Over the last 70 years, it’s hard to imagine a more valuable, more crucial collaboration in Skagit County agriculture than that between the local farming community and researchers at the WSU Northwest Washington Research and Extension Center (NWREC).
Extension services were established in Washington State in 1913, a year before the federal mandate that required land-grant colleges to provide such services throughout their respective states. But, what farmers in Skagit County were after was something more, something they saw, first hand, could be the difference between thriving or failing: high-level, scientifically-vigorous research.
During World War II, when mobilizing to feed a nation at war was so critical, particularly damaging diseases threatened beet and cabbage grown for seed. These diseases were brought under control through the combined efforts of WSU and USDA scientists working in the Skagit Valley. Quickly seeing the benefits of such research efforts, farmers, seed companies, processing firms, and local government rallied to secure land and infrastructure to establish a permanent research station in the valley.
Between 1943 and 1945, Skagit County invested $25,000 out of a purported $66,000 operating budget to secure the original core 113 acres and several buildings. Joining the effort were various agricultural and civic groups. By 1947, the center was up and running.
An outstanding legacy of success
The research conducted at WSU NWREC has led to a stunning list of achievements. Among these are the development of pest- and disease-control measures for conventional and organic production systems, improved soil-building practices, and thoroughly assessed alternatives in pesticide application and use. It’s been a public investment with enormous returns in farmland productivity, disease-resistant crops, and the conservation of water resources.
But that’s barely scratching the surface
If you’ve been in the area any length of time, you’ve seen many changes in what’s grown in the Skagit Valley and how it’s grown. Some change is driven by natural factors like newly-emergent diseases, issues with pollination, etc. Sometimes, change is driven by market demand or competition. But, here in the Skagit Valley, there is another factor contributing to change—innovation fostered through WSU NWREC.
Whole agricultural enterprises have been made viable through research and services provided by WSU NWREC. Among these is the vastly-expanded small grains sector, especially those bred and grown for craft brewing, distilling and artisan baking.
The hard cider market is flourishing here in Washington State in part due to ongoing research begun in the late 1970s at WSU NWREC. Once a big part of Skagit Valley agriculture, apple production is poised for resurgence, this time with cider apple orchards. The varieties developed at WSU NWREC offer specific characteristics of tannin, sweetness, and subtle flavor-influences derived from the very soil in which they are grown.
Other current research projects include season-extending growing practices such as high tunnel cultivation and biodegradable mulches as well as effective means to thwart mummy berry, a fungal disease, in highbush blueberry. (A quick viewing of the Center’s website, mtvernon.wsu.edu, provides a detailed overview of ongoing programs.)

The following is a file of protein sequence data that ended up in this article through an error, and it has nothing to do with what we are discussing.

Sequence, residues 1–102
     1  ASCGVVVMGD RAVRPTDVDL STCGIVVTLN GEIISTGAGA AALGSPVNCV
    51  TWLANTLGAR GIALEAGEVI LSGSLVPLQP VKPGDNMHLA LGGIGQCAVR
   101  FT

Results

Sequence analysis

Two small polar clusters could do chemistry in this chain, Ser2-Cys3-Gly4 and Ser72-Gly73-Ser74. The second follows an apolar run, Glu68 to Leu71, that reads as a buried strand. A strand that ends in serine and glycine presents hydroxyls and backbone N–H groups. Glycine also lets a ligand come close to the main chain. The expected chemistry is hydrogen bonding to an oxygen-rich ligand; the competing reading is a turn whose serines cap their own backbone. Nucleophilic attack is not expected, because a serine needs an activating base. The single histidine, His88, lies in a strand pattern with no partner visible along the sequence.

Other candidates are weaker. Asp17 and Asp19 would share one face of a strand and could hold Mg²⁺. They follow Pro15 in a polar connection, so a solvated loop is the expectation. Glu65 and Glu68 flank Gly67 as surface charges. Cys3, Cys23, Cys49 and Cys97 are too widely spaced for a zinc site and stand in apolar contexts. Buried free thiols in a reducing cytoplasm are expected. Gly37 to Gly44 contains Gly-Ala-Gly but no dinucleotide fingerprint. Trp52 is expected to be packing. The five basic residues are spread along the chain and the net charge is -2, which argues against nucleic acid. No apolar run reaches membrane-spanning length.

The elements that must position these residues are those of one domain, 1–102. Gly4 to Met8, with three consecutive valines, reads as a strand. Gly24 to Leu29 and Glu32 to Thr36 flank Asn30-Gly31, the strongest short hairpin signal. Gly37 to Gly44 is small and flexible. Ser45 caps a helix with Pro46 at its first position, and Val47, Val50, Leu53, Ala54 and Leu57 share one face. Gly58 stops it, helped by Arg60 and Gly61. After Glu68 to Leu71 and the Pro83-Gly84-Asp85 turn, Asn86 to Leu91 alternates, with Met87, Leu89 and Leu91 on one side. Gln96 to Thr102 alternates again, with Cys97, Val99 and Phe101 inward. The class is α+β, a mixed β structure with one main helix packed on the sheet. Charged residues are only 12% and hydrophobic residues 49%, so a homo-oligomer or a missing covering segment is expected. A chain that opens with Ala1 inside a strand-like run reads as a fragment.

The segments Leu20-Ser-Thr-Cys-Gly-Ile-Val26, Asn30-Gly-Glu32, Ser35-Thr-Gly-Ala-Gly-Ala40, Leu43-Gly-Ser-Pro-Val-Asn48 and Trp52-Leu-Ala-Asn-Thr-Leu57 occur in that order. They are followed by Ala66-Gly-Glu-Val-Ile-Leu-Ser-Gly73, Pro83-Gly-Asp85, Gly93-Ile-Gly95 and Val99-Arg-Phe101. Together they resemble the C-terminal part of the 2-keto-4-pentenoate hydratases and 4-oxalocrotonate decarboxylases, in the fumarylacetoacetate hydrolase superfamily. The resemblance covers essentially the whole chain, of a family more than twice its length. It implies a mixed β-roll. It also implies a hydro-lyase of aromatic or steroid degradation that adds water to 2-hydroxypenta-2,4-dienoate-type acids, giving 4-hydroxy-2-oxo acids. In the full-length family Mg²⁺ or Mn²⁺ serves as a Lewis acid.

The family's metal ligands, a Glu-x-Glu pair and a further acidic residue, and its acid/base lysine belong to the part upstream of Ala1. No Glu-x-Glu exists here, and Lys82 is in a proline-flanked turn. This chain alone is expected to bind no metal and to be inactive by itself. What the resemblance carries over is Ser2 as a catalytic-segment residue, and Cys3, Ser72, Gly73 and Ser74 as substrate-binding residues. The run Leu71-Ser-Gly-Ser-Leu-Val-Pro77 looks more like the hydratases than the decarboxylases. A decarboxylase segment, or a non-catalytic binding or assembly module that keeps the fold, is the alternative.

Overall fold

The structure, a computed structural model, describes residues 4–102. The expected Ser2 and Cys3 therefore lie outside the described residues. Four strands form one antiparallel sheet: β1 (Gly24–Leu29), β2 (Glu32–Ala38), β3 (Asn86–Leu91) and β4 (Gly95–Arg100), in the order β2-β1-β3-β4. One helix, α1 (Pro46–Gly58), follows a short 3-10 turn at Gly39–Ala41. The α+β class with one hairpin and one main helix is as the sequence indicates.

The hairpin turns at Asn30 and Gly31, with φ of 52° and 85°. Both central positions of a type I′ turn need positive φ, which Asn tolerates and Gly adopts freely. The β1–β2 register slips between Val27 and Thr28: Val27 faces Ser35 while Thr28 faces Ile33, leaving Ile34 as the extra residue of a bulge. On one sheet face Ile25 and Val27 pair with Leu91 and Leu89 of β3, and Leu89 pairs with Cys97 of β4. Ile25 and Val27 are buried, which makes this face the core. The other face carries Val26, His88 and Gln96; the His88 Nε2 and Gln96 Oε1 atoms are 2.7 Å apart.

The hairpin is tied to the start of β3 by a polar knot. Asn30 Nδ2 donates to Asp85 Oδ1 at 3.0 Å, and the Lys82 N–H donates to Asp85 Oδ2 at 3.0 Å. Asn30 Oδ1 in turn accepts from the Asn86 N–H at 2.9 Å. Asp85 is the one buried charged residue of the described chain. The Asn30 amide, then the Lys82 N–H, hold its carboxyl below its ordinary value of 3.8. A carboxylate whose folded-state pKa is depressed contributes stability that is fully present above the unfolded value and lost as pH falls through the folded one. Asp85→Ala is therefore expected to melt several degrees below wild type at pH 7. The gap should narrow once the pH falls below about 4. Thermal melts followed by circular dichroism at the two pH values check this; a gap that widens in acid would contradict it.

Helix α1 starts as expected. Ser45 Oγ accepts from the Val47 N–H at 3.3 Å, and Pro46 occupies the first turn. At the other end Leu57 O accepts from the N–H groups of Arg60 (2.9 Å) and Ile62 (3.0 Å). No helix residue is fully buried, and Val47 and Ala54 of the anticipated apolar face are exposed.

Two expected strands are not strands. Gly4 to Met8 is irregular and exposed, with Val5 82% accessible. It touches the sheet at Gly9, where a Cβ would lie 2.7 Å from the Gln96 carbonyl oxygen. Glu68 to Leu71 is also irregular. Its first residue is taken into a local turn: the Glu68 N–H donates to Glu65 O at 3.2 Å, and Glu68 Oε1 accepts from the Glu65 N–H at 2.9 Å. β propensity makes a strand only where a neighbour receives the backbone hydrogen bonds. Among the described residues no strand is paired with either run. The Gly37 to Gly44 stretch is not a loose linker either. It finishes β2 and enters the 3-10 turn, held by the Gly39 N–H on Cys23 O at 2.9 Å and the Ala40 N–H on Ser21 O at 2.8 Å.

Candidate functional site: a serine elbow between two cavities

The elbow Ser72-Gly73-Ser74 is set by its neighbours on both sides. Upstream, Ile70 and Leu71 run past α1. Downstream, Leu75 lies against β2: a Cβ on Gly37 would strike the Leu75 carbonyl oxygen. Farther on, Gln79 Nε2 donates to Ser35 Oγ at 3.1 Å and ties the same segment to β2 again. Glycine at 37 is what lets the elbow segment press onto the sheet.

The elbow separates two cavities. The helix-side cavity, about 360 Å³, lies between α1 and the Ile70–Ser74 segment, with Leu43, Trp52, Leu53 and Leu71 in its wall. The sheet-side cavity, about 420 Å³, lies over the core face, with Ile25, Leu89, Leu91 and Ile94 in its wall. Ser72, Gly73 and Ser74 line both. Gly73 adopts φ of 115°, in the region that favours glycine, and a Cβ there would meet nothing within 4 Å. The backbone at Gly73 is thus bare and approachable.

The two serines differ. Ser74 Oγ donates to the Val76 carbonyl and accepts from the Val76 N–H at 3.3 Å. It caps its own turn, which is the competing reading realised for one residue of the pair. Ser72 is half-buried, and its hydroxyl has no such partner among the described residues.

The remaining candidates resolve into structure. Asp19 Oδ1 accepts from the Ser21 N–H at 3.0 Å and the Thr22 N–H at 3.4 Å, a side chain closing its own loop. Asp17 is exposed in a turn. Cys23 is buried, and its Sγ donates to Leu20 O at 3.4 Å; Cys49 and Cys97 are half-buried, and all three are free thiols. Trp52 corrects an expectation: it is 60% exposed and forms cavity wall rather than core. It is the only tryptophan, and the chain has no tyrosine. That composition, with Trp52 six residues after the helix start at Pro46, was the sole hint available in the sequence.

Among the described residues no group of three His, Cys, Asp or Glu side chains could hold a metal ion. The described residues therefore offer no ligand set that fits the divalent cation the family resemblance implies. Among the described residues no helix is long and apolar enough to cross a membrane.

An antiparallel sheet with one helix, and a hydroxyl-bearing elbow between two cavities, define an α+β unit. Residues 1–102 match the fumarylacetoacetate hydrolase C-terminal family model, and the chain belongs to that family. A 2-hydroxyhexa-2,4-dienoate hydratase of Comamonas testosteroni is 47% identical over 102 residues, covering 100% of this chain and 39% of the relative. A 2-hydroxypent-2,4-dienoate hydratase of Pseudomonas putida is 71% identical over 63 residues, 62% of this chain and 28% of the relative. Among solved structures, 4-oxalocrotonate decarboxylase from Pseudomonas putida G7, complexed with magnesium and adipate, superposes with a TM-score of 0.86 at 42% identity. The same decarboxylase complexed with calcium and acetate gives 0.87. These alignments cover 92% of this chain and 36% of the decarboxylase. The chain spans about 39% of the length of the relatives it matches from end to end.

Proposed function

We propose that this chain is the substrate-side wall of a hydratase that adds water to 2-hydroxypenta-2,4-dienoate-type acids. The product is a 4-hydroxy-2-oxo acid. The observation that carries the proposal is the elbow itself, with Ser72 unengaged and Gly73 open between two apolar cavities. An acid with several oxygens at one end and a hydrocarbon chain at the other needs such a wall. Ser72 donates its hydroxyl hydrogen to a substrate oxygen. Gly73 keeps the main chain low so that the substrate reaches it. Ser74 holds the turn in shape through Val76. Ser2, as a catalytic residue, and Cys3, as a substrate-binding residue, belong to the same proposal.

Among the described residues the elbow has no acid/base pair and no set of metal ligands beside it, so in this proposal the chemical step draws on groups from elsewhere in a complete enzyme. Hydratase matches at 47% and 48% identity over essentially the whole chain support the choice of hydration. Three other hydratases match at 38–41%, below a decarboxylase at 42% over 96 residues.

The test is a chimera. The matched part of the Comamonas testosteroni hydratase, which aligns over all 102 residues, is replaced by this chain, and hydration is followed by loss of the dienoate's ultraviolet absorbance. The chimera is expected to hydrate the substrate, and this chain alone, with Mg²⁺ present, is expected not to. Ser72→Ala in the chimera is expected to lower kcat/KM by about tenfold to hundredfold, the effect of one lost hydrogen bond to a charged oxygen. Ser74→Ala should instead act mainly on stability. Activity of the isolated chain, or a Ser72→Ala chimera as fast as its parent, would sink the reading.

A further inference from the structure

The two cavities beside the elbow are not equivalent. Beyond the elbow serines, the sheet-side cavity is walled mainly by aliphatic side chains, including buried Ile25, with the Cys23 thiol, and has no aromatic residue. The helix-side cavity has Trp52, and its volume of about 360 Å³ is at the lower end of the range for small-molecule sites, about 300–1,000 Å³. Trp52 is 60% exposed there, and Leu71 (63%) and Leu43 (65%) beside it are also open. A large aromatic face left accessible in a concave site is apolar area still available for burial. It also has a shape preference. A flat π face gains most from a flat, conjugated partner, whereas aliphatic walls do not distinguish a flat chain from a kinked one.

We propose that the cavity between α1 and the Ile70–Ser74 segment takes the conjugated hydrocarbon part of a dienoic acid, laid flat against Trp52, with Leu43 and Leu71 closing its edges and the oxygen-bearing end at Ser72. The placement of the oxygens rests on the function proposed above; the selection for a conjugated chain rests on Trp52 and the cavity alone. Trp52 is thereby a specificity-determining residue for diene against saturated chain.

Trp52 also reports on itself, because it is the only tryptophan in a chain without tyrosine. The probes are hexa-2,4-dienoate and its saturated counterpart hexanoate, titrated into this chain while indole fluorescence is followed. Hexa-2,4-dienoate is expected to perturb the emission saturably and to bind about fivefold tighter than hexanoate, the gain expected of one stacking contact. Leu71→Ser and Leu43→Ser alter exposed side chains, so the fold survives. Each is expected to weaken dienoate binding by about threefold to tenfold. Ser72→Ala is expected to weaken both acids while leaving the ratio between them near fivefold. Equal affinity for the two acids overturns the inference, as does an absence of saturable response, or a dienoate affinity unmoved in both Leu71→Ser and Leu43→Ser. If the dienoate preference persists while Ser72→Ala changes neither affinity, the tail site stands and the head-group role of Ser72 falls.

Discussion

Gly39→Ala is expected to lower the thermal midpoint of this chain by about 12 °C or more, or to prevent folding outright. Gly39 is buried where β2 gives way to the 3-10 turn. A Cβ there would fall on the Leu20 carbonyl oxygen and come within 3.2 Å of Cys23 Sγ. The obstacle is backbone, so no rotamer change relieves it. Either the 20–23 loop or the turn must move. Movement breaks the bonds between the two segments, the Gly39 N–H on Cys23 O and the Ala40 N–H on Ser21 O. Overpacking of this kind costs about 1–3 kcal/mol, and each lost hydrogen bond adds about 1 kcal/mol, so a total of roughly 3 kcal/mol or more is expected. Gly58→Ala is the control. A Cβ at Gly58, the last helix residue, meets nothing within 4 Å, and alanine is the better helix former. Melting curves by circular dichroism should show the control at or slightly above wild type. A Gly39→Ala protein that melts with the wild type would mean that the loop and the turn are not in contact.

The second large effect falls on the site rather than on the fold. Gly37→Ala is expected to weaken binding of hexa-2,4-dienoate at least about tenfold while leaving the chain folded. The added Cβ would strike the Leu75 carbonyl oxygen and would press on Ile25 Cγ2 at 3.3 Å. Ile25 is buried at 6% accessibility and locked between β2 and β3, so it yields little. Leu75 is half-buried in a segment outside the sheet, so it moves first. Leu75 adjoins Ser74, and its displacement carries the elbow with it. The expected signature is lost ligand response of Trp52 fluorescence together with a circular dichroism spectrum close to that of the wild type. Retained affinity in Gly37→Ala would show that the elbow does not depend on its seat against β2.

What’s next in agricultural research?
A big part of effective–and applicable–research is anticipating what lies ahead. Taking the long view is essential for success. It’s also what the agricultural community does best.
One such area is climate change. WSU NWREC is one of four off-campus WSU Research Centers operated by the College of Agricultural, Human and Natural Resource Sciences. Those four and the state-wide, county-based Extensions are all collaborating on research efforts to prepare for changing climatic conditions by identifying crops that are suitably adapted, livestock breeds best able to handle potentially hotter weather, and water and soil conservation practices to not just survive, but thrive under changing conditions.
70 years on, stronger than ever
WSU NWREC has undergone a lot of changes since 1947. A major revitalization was begun in the late 90s, starting with the acquisition of several adjacent properties as permanent acreage for research (an effort in which SPF was proud to play a key role). Even more visible were changes to the Center’s infrastructure, the renovation of the Olson Heritage Farm House as graduate student housing and the construction of the crown jewel of the Center: the $8 million Agricultural Research and Technology Building which opened in 2006.
These great advances were accomplished through public/private group efforts and individual support from members of the northwestern Washington agricultural community, local/state/federal government, WSU, and other key benefactors. As WSU NWREC’s own website makes clear, “The efforts and partnerships here are truly unique, and considered a model for revitalizing R&E [Research and Extension] Centers throughout the U.S.”
Whether you’re already familiar with the Center, or not, it’s worth a visit to see what’s new and upcoming. WSU NWREC has been a key investment in Skagit Valley’s success and a source of pride for us all.
Here’s hoping for another great 70 years!